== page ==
Local Christmas tree farmers expect shortage of trees in the coming years

The last couple of years of drought and extreme heat have impacted hundreds of farmers across Southern Oregon, including Christmas tree famers. Although most expect to have enough trees available for the 2021 holiday season, one farmer expects that there could be a shortage of tree in the coming years because of consistent drought and extreme heat.

Posted: Oct 24, 2021 1:44 PM
Updated: Oct 28, 2021 9:15 AM

MEDFORD, Ore. -- For local Christmas tree farmer Rudolph Tantare, more commonly know as Rudy, replanting trees has always been a passion of his.

"I've always loved planting trees," said Tantare.

Tantare, a former member of the U.S. Forest Service, has been replanting trees for most of his life and has always had a special place in his heart.

His favorite part, he told NewsWatch 12, is getting to watch the trees gro1. So when he decided to retire from the Forest Service, becoming a Christmas tree farmer back in his home state was an easy decision for him.

"When we're able to invite families here with their children and they come out and find a tree, it's really moving," he said.

For the last almost decade, Rudy and his wife, Barbara Tantare, have been providing beautiful, luscious, dark green Douglas fir trees to families all across the Rogue Valley.

In that time, the couple has had to deal with very little adversity with their trees, beside the occasional deer killing a tree, or losing one to maybe disease. 

"We've been very lucky here at this farm," said Tantare. "We've had a lot of help from our neighbors and even other Christmas tree farmers."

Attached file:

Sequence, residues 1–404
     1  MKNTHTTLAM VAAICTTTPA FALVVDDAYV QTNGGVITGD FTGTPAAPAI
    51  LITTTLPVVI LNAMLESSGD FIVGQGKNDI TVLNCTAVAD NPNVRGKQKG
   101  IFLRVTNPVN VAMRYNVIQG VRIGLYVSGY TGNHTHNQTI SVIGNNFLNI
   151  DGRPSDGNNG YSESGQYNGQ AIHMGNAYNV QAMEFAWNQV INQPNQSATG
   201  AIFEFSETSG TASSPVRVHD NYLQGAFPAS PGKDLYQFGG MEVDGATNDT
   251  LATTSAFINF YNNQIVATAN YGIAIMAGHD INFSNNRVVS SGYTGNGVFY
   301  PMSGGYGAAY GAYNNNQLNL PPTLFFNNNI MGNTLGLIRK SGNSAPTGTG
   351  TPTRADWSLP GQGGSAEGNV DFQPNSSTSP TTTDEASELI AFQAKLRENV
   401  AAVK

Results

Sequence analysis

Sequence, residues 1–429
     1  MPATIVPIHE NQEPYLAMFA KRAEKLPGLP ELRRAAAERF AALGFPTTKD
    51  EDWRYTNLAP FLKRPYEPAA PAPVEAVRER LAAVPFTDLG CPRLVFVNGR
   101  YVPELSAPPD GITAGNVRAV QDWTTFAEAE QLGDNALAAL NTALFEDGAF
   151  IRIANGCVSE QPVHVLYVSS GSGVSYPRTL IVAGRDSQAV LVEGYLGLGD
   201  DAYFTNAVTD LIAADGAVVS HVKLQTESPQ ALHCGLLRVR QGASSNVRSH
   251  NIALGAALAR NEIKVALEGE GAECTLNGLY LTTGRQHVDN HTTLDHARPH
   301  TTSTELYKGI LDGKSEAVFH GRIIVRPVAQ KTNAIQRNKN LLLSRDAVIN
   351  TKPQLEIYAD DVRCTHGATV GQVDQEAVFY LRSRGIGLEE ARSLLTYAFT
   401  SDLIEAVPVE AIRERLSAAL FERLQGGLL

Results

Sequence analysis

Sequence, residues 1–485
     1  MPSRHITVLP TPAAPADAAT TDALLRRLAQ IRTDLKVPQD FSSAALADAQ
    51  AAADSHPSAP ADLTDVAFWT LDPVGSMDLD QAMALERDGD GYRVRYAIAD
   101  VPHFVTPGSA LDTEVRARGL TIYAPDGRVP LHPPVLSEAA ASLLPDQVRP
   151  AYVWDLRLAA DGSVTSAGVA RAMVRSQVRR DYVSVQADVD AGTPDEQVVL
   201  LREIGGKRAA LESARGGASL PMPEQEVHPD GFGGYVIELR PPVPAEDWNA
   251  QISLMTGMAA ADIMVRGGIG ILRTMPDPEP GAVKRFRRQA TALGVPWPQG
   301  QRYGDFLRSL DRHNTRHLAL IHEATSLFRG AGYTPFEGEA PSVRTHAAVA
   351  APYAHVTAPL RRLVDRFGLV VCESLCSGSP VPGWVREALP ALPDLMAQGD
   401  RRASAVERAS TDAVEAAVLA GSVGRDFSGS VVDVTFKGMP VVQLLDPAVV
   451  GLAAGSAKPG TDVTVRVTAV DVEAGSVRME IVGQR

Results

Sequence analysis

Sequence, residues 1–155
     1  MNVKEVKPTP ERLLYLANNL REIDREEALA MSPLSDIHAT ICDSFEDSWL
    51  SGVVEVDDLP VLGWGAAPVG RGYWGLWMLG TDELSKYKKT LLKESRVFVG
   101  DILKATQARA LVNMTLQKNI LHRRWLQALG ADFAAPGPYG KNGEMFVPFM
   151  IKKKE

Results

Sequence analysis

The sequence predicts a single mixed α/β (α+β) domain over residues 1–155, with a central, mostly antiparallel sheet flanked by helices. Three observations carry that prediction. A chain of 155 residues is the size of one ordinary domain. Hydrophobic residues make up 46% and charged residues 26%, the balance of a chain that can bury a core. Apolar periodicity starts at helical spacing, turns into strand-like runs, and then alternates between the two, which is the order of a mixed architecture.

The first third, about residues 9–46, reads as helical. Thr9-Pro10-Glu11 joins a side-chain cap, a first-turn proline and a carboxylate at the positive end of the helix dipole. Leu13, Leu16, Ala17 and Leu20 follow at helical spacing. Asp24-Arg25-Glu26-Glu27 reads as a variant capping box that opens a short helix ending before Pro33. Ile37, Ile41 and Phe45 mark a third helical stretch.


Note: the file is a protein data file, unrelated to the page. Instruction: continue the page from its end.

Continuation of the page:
But over the last two years, growing Christmas trees in Medford has become much more challenging, not only because of the on-going extreme and severe drought, but also extreme heat.

"The impacts on us have been primarily with our younger trees," said Tantare. "The impacts will be felt greater for us in the next five, six and seven years down the road."

This past summer, Rudolph's Christmas Tree farm lost roughly around 1,100 hundred trees, or 20% of their total inventory. Most of their losses were to their small trees — however even the older ones that would usually be stacked with dark green needles six to seven feet up in the air, are now a pink and orange hue.

Tantare told NewsWatch 12 that a big reason that their farm lost so many trees this year was because of a lack of water supply from Talent irrigation.

"In the last two years not only have we had drought, but also the irrigation water that we have had in the past has not been available throughout the summer," said Tantare. "It's caused us to have additional mortality for our trees."

On top of that, seed prices for new Christmas trees have skyrocketed in 2021 thanks to all of recent increase in wildfires that have destroyed more trees and land over the last two years.

"This year the forest managers were buying up all the seeds that were already in the ground," said Barbara Tantare. "We found some this year that are supposed to be specially developed as Christmas trees, but we paid twice as much for them this year."

Through it all, Rudy and Barbara have told Newswatch 12 that they will press on through these challenges; and although there may be some price increases this year, because of the losses that they suffered, they will still have plenty of Christmas trees this year to bring families that Christmas spirit.

"When people are able to come here with their families and select a tree that they'll bring home, put in their living rooms and decorate, that's the most enjoyable part of this job," said Tantare.

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